California State University Chancellor Timothy White visited California State University, Northridge’s award-winning 100 Citizens program on Monday, Sept. 22, during a daylong visit to the San Fernando Valley.
White, who is internationally known for his research on muscle plasticity, injury and aging, said he and his wife, Karen, a professor of kinesiology at California State University, Long Beach visited the city of San Fernando’s Recreation Park because they wanted to observe how CSUN has been able to partner with the community to promote exercise and health.
“It really brought it to life for me to see our students working in the community,” White said. “It’s more than just the physical achievements happening. … They are providing leadership in the community.”
The Whites were hosted on the tour by CSUN President Dianne F. Harrison and joined by San Fernando Mayor Sylvia Ballin and other CSUN administrators and city and county officials. They observed red-shirted kinesiology students engaged in four levels of programming based on the group’s fitness level.
Since 100 Citizens began in the city of San Fernando in 2011, the small group of 20 participants has evolved to more than 100. Due to the program’s success in San Fernando, 100 Citizens has expanded to Los Angeles parks in Sylmar, La Crescenta and Canoga Park, demonstrating the power of how students in CSUN’s Department of Kinesiology can make healthy community transformations.
The students deliver free and sustainable activity agendas to the community at local public parks, while the program creates a career path for aspiring kinesiology professionals who use exercise to help participants between the ages of 18 and 80 lead a healthy, active lifestyle. More than 30 kinesiology majors explore their career options through work with this program each semester.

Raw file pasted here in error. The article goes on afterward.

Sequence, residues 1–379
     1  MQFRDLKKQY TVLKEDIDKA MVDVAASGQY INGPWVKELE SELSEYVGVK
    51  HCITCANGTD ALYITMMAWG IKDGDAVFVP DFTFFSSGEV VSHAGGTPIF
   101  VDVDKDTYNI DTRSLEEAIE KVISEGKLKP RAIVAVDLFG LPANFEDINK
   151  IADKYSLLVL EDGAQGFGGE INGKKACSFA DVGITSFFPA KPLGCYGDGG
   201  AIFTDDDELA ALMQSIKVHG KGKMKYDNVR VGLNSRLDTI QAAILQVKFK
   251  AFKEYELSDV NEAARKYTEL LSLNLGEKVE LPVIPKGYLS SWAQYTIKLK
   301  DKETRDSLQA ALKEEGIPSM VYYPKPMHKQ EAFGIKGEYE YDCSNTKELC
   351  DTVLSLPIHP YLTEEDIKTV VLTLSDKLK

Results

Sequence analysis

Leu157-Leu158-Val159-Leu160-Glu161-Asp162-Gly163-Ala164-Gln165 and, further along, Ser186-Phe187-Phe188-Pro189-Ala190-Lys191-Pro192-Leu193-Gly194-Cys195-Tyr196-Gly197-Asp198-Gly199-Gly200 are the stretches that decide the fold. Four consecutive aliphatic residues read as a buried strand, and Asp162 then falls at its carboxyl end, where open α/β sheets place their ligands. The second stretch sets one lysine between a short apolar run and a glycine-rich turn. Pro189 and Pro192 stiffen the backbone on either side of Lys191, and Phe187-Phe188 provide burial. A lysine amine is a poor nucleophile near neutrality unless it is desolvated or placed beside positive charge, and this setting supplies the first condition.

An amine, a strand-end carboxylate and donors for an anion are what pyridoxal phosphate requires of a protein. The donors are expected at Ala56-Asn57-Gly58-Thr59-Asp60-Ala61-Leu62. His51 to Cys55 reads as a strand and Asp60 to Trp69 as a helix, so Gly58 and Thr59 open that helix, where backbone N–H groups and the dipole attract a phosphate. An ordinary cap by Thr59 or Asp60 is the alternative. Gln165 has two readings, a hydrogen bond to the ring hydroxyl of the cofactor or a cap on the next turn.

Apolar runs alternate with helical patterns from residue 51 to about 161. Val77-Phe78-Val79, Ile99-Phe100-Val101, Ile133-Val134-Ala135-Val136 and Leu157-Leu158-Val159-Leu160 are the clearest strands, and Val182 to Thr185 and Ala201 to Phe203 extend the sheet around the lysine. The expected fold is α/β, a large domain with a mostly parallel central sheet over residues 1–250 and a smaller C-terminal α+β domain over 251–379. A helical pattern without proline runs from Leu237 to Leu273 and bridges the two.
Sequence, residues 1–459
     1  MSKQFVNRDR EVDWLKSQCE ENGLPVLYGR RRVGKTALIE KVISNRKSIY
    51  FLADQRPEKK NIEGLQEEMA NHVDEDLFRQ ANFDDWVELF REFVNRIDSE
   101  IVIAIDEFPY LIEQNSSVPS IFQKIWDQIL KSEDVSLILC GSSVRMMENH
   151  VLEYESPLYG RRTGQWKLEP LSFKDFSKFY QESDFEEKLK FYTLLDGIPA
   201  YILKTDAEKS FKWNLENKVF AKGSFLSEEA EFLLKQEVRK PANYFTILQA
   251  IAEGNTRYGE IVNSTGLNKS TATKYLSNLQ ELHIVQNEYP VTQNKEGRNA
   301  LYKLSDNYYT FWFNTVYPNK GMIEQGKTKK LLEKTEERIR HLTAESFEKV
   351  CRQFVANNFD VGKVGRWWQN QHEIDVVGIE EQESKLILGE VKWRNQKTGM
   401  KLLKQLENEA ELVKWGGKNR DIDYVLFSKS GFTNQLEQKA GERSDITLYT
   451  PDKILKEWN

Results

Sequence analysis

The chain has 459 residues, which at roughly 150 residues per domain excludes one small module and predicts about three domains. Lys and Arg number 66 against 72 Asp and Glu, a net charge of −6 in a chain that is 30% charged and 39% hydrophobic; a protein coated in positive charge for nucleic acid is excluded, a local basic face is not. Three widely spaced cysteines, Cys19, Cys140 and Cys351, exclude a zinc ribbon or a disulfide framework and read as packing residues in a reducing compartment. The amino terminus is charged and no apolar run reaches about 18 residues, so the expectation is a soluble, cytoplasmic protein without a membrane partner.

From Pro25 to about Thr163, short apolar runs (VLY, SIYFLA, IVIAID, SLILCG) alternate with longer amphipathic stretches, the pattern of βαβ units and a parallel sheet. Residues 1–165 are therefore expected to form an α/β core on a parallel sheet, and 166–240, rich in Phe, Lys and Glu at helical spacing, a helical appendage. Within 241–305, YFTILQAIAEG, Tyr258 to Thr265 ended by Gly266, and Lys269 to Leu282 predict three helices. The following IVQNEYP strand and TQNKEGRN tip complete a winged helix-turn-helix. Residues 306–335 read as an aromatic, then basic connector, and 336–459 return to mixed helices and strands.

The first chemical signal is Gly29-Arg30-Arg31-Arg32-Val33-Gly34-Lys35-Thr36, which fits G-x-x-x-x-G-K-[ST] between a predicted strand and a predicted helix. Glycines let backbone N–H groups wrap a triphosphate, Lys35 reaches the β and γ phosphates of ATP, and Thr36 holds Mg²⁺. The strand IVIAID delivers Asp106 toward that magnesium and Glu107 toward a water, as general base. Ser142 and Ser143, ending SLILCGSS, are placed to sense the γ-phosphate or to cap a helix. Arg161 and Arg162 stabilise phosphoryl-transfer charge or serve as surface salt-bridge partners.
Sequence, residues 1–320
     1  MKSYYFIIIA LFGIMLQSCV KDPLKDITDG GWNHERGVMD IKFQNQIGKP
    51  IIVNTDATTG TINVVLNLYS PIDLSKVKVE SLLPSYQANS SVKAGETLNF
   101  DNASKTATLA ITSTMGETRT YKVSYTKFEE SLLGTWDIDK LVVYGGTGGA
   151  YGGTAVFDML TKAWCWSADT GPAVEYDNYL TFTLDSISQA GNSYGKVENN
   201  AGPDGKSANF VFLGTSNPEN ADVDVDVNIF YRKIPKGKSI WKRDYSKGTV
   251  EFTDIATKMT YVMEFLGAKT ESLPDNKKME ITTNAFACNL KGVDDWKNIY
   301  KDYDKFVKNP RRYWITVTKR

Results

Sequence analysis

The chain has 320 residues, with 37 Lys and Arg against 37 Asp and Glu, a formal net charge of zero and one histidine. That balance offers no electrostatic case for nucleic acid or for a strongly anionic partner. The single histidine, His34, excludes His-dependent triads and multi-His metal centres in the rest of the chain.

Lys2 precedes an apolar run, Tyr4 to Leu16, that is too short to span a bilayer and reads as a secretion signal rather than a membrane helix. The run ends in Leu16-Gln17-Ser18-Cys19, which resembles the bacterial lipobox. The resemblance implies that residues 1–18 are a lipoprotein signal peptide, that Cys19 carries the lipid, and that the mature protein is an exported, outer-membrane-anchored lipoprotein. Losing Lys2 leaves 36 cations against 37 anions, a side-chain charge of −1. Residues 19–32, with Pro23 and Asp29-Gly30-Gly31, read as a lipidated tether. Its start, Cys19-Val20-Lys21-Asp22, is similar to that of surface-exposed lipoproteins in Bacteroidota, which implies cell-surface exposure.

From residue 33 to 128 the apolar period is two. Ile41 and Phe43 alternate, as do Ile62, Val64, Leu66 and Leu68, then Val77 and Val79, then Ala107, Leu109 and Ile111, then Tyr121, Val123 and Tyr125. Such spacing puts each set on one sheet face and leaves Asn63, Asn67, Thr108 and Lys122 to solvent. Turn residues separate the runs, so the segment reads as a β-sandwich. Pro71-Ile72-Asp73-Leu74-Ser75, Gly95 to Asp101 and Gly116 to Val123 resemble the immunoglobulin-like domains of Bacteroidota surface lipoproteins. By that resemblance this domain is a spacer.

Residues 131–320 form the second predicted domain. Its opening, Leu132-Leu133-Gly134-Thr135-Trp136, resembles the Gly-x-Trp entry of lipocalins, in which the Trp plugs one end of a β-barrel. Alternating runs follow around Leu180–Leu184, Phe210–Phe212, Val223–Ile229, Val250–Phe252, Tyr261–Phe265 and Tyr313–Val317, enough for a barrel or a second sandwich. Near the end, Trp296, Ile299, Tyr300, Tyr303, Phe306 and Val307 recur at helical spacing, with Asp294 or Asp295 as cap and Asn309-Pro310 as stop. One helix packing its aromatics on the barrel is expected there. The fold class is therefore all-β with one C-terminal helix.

In 2013, the 100 Citizens program was lauded by First Lady Michelle Obama, when a video highlighting the wellness program garnered the most online votes from the public in a national competition highlighting programs focused on ways to help tackle childhood obesity.
“As the country’s rates of obesity and related diseases such as diabetes and heart disease continue to rise along with high levels of inactivity, it becomes important to provide accessible programs that provide education and instruction, particularly in underserved communities,” said kinesiology professor Steven Loy, the faculty advisor for the program. “The 100 Citizens program provides this while at the same time providing students with a direct application and reinforcing their education.”
Loy said he would like to see his program replicated at CSU campuses and hundreds of kinesiology programs across the country. He said kinesiology students are reaching out to their counterparts at other campuses with the goal of having a 100 Citizens program from each CSU in one local park by fall 2015.
After the morning observation, Chancellor White stopped at CSUN to participate in the California State University Trustee Workgroup open forum on Student Success Fees. This was the first of three forums scheduled to receive input from students, faculty and staff about the impact of campus-based mandatory fees paid by a student to enroll or attend a CSU campus.